today I’m playing with the CNC module and after some test on a piece of wood I’ve done my first PCB!
I’ve used the Snapmaker V bit and I had to goes down 0.2mm because I think my copper plate it’s not really accurate on all the surface so with just 0.1mm not all the engraving was made (any idea or any good copper plate to buy?).
After the engrave I’ve made the holes with a precision drill bit (0.7mm) and at the end I’ve gutted the PCB with the 1.5mm flat end mil bit.
This is my first PCB and I think it’s a great result, isn’t it?
For sure I have to work little bit on some dimension etc… but the way it’s good.
Any comment and/or suggestion will be appreciated.
Definitely looks nice. Would love to try myself too. (but still some other priorities first)
It does look like the edges are a bit rough and you will need to quickly go over it with some sanding paper. Not really a big deal.
I did purchase some tiny flat end mills (a box from ali) with bits ranging from 0.1mm to 1mm because it did want to try that. As with the v-bit the paths get bigger as you go deeper. I’ll let you know how that goes when I get to it I’m pretty sure the 0.1mm bit will break before it’s even mounted (it’s so tiny! ), but I’m hoping a 0.5 and up should work.
But if I can reach the quality you’re achieving, I’ll be more than happy!
Thanks for response, I-ll give it a try with a tiny bit too…
I had a go at it with a flat end mill and am satisfied with the end result. (You can hardly call it a pcb, but therefor also a good small test project (size of the part is 20mm x 15mm)
The one in the middle was my first attempt with a 1mm flat end mill. it looks like the feed speed set by flatcam isn’t really honored, or something is a bit wrong with it. Either way, it went too fast and the bit broke (yay).
Second try was on the bottom right: In this case the traces went fine and I just wanted to go for it with a .5mm bit. Went really well and when I loaded the second file to cut it out, the work origin shifted for some reason. And I was too late to stop it so the traces were damaged already. Don’t understand why, will have to have a better look at the gcode files as to what caused it. maybe it was just an error on my side that I didn’t only adjust the z-height for the new bit but also the origin. But I think it’s something with the gcode generated by flatcam that throws the snapmaker off.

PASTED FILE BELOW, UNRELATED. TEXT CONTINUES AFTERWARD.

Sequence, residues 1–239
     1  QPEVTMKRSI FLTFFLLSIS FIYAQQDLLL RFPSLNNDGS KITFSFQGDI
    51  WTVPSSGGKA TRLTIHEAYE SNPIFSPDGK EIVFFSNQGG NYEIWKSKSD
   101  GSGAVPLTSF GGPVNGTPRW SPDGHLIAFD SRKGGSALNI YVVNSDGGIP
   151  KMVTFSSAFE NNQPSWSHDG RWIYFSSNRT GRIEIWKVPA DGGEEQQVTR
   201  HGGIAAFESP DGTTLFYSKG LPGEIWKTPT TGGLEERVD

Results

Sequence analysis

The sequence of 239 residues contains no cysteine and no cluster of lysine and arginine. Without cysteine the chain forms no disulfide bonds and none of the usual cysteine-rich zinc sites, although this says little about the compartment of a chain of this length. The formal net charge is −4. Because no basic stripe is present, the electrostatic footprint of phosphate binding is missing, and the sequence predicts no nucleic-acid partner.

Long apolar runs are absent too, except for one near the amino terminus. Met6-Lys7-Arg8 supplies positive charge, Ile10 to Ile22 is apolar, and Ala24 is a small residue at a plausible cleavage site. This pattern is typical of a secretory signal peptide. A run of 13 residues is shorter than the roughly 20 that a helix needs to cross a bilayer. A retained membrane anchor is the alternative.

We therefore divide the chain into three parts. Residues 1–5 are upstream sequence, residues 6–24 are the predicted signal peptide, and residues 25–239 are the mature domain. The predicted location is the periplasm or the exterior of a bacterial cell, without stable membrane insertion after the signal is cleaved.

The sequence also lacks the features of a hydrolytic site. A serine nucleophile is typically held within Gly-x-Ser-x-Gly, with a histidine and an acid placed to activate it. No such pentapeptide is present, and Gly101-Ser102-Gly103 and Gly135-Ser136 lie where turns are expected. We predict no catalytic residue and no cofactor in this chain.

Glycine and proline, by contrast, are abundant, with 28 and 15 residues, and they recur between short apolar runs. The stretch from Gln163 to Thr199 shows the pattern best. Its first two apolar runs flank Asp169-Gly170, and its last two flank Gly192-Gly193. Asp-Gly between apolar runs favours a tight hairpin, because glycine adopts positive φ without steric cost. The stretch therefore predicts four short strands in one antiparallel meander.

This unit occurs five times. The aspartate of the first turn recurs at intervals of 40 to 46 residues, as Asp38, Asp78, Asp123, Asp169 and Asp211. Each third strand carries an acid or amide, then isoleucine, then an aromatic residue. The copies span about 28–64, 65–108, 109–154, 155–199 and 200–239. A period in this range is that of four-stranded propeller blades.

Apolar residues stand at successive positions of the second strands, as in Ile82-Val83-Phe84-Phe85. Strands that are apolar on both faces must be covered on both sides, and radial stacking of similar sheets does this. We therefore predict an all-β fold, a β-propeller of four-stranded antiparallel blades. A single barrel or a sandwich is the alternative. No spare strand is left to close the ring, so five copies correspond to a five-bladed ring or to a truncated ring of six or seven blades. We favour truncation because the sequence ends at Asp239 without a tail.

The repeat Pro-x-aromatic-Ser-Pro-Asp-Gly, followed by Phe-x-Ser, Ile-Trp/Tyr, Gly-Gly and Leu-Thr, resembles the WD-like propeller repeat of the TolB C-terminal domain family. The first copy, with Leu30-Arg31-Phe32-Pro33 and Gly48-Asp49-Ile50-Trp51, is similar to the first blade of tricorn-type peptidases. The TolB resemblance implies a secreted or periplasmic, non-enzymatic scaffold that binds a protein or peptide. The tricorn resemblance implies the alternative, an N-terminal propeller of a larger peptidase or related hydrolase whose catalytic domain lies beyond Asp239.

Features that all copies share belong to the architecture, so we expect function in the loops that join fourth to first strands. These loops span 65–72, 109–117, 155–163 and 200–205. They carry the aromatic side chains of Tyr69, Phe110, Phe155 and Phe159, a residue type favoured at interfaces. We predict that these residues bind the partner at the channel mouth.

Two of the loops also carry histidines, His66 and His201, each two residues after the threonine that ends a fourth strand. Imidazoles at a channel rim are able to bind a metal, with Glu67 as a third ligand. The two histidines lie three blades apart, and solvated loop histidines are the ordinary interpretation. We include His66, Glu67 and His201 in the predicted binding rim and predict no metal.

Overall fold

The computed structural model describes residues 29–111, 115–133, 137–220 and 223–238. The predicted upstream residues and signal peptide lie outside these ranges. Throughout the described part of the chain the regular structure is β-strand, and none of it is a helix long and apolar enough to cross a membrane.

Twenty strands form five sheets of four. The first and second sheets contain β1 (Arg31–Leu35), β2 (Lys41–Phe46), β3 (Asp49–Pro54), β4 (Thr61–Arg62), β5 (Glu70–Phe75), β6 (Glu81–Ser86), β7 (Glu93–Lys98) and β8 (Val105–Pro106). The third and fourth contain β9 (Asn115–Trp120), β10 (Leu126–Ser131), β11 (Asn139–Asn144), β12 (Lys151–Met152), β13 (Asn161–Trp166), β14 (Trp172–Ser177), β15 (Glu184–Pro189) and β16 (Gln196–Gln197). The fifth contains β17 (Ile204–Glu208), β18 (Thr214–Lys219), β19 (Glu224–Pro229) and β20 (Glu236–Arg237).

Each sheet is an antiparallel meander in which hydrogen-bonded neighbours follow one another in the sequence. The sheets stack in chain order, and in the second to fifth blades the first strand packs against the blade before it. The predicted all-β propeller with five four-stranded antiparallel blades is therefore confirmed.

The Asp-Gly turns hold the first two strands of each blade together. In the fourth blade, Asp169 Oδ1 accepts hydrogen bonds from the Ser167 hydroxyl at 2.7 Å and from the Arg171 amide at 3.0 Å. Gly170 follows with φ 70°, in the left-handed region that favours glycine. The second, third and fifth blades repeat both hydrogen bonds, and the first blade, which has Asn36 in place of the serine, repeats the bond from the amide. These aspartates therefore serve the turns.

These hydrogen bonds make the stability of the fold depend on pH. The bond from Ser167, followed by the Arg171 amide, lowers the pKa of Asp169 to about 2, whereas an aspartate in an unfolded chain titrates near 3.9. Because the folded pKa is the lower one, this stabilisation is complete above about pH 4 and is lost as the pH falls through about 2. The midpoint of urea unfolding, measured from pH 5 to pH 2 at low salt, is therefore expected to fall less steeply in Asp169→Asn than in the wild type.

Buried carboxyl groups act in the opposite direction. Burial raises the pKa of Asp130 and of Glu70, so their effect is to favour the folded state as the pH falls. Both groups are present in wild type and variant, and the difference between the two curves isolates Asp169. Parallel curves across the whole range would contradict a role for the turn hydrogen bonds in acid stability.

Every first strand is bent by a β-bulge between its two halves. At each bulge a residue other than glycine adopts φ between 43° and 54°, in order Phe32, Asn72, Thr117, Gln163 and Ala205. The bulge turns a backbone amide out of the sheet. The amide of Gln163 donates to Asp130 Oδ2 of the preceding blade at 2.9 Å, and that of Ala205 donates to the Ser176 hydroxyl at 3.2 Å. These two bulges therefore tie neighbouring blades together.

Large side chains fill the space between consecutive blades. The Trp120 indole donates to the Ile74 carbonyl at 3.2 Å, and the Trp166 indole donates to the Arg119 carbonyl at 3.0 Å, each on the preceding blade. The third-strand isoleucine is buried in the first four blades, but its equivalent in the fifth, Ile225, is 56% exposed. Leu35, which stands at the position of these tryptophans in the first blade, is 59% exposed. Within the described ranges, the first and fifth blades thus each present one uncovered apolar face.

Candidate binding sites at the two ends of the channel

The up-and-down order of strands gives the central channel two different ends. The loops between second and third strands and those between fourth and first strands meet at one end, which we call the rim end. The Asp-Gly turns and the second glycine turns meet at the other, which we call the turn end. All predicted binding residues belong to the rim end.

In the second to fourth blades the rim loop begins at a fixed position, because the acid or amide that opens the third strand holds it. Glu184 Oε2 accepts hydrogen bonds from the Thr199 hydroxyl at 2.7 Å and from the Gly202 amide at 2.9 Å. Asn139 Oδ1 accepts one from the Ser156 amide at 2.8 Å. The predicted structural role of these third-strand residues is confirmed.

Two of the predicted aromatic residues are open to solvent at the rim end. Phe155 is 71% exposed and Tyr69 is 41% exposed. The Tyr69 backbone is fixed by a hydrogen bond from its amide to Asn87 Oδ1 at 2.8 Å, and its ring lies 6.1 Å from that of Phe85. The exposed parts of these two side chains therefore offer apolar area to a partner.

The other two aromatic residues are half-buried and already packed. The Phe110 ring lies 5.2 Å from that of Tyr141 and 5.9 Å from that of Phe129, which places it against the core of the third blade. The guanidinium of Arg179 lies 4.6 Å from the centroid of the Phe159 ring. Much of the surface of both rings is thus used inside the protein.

Third one worked well and appeared to be a succes.(yay). In this case I did copy the cnc code for the traces and the cutout in one file and ran it as a single job.
Did the last ones with a .04mm stepdown (yes, really that small) .4mm stepdown broke the 1mm bit, but in that job I didn’t notice the speed was way too high as well. I did reduce the speed for the jobs with the smaller bit.
Oh, and flatcam isn’t the most intuitive piece of software for a first time user. The files it produces are not fully compatible with the snapmaker. Doing a run boundary does crash the machine every time.
What software did you use to generate the cnc gcode for the PCB?
Hello friend, what software do I use to generate the gcode for the pcb? I was trying with flatcam but without success
I did use flatcam. @GarageFactorySD also made a walk through : PCB milling (Gerber to GCode)
Flatcam doesn’t have the most user friendly interface, but it does work. What didn’t work was “run boundary” on the generated files. And I had some problems getting the feed speeds right.
So I would suggest to run your file in the air the first time.
friend and how did you move the tracks from kicad to fusion 360 because when importing (.step file) to fusion 360 the tracks are deleted
And what configuration did you do to flatcam? I also saw the video and it did not work.
I used the online easyeda but that shouldn’t matter as long as you can get your gerber files out of the editor you use.
But you’ll have to be more specific than “it did not work” or the only answer I can give you is: “it did for me, try again”
The only thing I can say is; do make sure that flatcam is set to mm and not inch as unit. Close it, restart and try again.